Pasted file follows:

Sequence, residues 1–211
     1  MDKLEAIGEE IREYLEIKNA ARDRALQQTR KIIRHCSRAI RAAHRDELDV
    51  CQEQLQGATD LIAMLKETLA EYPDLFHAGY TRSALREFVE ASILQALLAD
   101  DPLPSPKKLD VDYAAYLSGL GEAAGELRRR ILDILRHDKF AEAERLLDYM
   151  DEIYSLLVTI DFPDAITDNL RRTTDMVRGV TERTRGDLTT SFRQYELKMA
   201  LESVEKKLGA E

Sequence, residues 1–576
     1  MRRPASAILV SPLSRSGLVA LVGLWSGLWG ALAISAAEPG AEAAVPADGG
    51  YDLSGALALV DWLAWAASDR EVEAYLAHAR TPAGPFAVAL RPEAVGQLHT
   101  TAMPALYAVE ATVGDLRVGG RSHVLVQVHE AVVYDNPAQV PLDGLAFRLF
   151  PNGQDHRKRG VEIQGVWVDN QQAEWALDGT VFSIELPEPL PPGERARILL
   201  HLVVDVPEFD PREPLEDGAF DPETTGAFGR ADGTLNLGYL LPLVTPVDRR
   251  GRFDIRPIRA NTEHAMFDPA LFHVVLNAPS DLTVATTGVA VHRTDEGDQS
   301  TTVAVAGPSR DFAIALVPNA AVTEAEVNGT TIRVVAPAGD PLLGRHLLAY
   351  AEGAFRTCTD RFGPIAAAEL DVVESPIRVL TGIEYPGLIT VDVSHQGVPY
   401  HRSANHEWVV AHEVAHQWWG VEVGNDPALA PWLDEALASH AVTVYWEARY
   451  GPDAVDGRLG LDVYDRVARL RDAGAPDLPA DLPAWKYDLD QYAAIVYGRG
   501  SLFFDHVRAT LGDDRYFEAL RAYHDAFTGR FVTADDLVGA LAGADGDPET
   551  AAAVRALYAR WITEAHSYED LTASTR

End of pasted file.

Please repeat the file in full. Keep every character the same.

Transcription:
Sequence, residues 1–211
     1  MDKLEAIGEE IREYLEIKNA ARDRALQQTR KIIRHCSRAI RAAHRDELDV
    51  CQEQLQGATD LIAMLKETLA EYPDLFHAGY TRSALREFVE ASILQALLAD
   101  DPLPSPKKLD VDYAAYLSGL GEAAGELRRR ILDILRHDKF AEAERLLDYM
   151  DEIYSLLVTI DFPDAITDNL RRTTDMVRGV TERTRGDLTT SFRQYELKMA
   201  LESVEKKLGA E

Sequence, residues 1–576
     1  MRRPASAILV SPLSRSGLVA LVGLWSGLWG ALAISAAEPG AEAAVPADGG
    51  YDLSGALALV DWLAWAASDR EVEAYLAHAR TPAGPFAVAL RPEAVGQLHT
   101  TAMPALYAVE ATVGDLRVGG RSHVLVQVHE AVVYDNPAQV PLDGLAFRLF
   151  PNGQDHRKRG VEIQGVWVDN QQAEWALDGT VFSIELPEPL PPGERARILL
   201  HLVVDVPEFD PREPLEDGAF DPETTGAFGR ADGTLNLGYL LPLVTPVDRR
   251  GRFDIRPIRA NTEHAMFDPA LFHVVLNAPS DLTVATTGVA VHRTDEGDQS
   301  TTVAVAGPSR DFAIALVPNA AVTEAEVNGT TIRVVAPAGD PLLGRHLLAY
   351  AEGAFRTCTD RFGPIAAAEL DVVESPIRVL TGIEYPGLIT VDVSHQGVPY
   401  HRSANHEWVV AHEVAHQWWG VEVGNDPALA PWLDEALASH AVTVYWEARY
   451  GPDAVDGRLG LDVYDRVARL RDAGAPDLPA DLPAWKYDLD QYAAIVYGRG
   501  SLFFDHVRAT LGDDRYFEAL RAYHDAFTGR FVTADDLVGA LAGADGDPET
   551  AAAVRALYAR WITEAHSYED LTASTR